For comparison: Normal TVs are typically between 300 to 450 nits.

Also, notes advisor Lyle Bunn, look for brightness control, such as the ability to turn down brightness during the evening when it isn’t as needed to reduce power consumption. “Auto-brightness controls can automatically adjust the brightness based on external light conditions,” he says.

Duty Cycle: Most television displays are intended to be used no more than 8-10 hours per day. Some monitors log usage internally, and overuse will void the device warranty. Displays intended for digital signage need to be capable of operating anywhere from 18 hours aday to continuously 24x7 without degrading the components or suffering from “image retention” (the LCD display equivalent of plasma “burn in,” resulting from static content if the display isn’t turned off periodically for at least an hour).

Power Controls: Does the display support an internal timer to allow the screen to have some scheduled “rest time” (display off) during hours of non-use? Does it have an RS-232 port, so the player can control display on/off?

Inputs: Does it have the proper inputs, and the proper number of inputs?

“VGA is still a fine input for digital signage, you don’t necessarily need a display that includes DVI or HDMI inputs, says Morgan Williams, digital signage account manager for KIPP Visual Systems, a provider of digital signage and other visual communications solutions. “However, an HDMI connection will carry the audio along with the video. If you decide to include audio in your signage, using HDMI reduces the number of cables to the display. Similarly, displays that can be used as TV or computer displays will let you also run an RF (radio-frequency) signal.”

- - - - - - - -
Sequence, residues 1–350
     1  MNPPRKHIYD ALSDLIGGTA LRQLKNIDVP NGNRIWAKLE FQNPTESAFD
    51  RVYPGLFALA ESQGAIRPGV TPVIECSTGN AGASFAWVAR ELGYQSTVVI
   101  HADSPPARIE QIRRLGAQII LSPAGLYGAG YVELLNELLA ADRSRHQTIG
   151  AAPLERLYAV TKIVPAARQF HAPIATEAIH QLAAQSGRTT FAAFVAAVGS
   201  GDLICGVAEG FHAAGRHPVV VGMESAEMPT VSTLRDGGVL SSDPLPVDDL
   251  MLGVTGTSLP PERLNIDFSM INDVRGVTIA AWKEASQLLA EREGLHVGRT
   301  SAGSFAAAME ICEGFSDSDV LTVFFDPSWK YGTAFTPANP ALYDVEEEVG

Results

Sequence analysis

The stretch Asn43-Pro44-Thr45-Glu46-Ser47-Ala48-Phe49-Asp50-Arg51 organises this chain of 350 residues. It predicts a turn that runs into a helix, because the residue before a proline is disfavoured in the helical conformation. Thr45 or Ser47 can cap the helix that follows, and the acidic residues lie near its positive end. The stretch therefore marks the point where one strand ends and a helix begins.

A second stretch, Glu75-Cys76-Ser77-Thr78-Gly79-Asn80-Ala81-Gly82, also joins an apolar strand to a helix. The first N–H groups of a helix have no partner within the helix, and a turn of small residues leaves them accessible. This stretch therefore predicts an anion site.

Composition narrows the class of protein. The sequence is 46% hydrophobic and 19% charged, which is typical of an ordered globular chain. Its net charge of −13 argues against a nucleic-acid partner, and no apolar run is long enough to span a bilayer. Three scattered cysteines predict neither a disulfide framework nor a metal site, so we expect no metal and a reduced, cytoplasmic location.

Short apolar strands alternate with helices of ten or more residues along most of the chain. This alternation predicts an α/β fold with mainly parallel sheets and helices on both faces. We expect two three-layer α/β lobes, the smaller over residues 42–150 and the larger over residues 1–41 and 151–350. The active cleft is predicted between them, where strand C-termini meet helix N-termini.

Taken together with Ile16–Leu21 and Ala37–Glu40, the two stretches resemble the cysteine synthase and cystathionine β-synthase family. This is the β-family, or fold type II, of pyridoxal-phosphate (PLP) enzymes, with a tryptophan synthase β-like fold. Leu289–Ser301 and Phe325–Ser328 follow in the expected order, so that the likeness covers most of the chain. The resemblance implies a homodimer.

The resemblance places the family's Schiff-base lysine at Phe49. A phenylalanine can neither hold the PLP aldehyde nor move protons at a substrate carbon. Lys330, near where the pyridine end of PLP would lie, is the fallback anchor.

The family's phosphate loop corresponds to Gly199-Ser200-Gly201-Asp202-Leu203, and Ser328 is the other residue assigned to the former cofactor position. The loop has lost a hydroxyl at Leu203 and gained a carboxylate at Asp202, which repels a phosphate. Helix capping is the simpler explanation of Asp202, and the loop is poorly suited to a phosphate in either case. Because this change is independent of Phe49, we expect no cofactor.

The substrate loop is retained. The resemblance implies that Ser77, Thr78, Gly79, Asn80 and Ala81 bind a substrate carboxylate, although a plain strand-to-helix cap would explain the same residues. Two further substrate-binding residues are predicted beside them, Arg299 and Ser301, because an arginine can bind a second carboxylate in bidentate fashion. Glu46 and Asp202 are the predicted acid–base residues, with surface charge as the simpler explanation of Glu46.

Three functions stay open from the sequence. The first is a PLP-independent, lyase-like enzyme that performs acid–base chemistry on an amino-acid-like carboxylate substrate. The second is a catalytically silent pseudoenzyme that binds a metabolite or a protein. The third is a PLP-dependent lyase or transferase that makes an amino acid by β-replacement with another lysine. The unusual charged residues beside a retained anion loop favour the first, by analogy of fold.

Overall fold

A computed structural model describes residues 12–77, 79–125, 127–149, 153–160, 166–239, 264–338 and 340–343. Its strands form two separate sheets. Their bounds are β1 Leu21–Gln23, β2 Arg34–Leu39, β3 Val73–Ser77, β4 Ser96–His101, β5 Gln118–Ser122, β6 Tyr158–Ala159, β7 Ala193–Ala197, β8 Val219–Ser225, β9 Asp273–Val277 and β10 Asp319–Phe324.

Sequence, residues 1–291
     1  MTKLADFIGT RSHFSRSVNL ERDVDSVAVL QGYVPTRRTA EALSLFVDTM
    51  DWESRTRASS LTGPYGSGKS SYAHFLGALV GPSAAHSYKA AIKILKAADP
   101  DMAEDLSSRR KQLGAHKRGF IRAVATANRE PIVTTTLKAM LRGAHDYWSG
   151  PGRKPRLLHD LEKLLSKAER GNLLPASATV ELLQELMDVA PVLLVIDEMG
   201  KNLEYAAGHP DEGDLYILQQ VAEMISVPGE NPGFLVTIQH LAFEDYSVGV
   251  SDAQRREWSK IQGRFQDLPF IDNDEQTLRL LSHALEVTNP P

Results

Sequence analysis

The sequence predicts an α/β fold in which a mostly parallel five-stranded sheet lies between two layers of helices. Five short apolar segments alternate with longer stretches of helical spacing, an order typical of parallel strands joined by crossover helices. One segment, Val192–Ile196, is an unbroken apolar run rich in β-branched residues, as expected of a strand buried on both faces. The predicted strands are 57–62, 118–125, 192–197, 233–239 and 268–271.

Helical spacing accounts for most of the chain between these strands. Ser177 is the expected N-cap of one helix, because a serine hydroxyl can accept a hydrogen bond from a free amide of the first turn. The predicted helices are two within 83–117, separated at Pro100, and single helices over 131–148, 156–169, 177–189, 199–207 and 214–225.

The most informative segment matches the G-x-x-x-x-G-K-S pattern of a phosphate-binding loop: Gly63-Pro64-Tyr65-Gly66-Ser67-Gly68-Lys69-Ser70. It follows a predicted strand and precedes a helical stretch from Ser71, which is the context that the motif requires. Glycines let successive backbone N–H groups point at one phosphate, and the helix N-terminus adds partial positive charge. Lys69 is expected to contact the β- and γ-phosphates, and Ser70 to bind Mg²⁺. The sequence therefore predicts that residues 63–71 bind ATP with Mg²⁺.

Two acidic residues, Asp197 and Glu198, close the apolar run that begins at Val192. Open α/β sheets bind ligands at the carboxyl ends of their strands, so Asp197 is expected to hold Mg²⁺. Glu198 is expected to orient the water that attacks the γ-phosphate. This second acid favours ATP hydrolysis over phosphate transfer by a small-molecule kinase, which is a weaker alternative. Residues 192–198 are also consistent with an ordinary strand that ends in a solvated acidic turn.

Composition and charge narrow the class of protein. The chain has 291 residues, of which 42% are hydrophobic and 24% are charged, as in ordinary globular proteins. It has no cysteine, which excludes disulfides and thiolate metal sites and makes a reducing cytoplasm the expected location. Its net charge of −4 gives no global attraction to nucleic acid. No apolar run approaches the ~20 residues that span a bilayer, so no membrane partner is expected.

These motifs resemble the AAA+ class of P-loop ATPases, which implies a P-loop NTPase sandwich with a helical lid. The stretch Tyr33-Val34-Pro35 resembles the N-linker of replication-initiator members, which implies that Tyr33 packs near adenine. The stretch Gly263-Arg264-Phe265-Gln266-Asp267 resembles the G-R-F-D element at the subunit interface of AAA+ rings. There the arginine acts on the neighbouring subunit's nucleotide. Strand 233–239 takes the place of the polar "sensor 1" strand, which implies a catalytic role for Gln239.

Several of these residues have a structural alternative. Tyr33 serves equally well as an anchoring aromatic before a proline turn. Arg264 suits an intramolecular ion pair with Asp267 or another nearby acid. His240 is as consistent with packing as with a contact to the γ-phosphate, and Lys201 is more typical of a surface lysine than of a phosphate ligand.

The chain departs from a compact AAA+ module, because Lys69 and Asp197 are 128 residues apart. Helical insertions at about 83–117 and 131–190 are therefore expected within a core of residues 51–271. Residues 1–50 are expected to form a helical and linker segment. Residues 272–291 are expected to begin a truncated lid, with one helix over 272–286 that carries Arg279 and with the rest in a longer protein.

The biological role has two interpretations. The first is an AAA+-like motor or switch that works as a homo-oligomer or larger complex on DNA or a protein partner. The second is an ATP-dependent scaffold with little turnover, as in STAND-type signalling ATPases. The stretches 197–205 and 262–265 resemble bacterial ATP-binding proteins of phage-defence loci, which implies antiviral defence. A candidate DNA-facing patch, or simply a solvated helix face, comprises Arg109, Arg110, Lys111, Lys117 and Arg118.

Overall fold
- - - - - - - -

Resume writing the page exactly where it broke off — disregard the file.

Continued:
Here are more of the features and concerns to pay attention to, along with trends, advice, and how to make position the buyer’s expectations so they won’t miss-focus on price instead of capabilities.

Speakers: “Built-in speakers make it easy to include audio content,” notes Williams.

Mounting: “The flat panel should install easily and be firmly, safely affixed using standard mounts,” says Bunn. “A VESA mounting standard is well proven.”

If you plan to attach a content player such as a small-form-factor (SFF) PC behind the display, “many displays don’t come with a bracket to mount a PC,” says Williams. “And remember that somebody will need to be able to get to that computer after the display is installed. If the display is 10 feet up in the air, they’ll need to be hooking up a mouse and keyboard while they’re on the ladder. On the other hand, putting the player in a data closet means you’ll be running between the closet and the sign when working on things.”

Integrating the Displays: “The flat panels should integrate well with the media player and provide the functions needed in the overall system, like color-calibration, playout monitoring, and on/off control,” says Bunn.

Bezel Size: “Does the bezel size — the margin of the manufacturing enclosure itself — complement the use of the display?” asks White. “For example, if you want to do a 2x2 video wall, or a 1x3 video ribbon, the display margins matter, in terms of impact and to look modern versus out of date.”

Video Tiling: If you are considering “tiling” — combining two or more physical displays to show one larger image — consider choosing displays that have built-in software to handle tiling, so you don’t need an additional processor to create a large display array. Also, look for displays with the narrowest possible bezel.

Cooling: “Consumer-intended panels use convection to dissipate heat generated by internal lamps,” says Bunn. “Commercial-grade panels actively cool the device by internal fan, reducing the strain and wear on the electrical components.”

Physical Durability:  For digital signage that will be in public spaces where people and things may bump into them, or for signage that are also touchscreens, it’s important that the display and the enclosure be durable.

And you’re not just looking for features. “Determine whether the screens have any operating challenges,” says White. “For example, the cooling systems in some displays require the display be in ‘landscape’ orientation. If the screen will be in ‘portrait’ orientation all of the time, will that impact the warranty?”  TD End Icon Final 14 px